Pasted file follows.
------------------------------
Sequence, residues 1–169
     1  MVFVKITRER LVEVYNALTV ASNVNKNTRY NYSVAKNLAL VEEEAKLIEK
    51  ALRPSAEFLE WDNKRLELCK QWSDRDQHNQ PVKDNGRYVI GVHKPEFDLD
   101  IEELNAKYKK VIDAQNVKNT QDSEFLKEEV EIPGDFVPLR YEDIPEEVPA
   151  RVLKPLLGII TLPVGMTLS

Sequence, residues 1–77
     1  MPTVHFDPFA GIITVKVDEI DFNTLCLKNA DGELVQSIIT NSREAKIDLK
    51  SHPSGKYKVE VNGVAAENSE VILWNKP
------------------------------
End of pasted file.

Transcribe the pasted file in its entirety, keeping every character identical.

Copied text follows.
Sequence, residues 1–169
     1  MVFVKITRER LVEVYNALTV ASNVNKNTRY NYSVAKNLAL VEEEAKLIEK
    51  ALRPSAEFLE WDNKRLELCK QWSDRDQHNQ PVKDNGRYVI GVHKPEFDLD
   101  IEELNAKYKK VIDAQNVKNT QDSEFLKEEV EIPGDFVPLR YEDIPEEVPA
   151  RVLKPLLGII TLPVGMTLS

Sequence, residues 1–77
     1  MPTVHFDPFA GIITVKVDEI DFNTLCLKNA DGELVQSIIT NSREAKIDLK
    51  SHPSGKYKVE VNGVAAENSE VILWNKP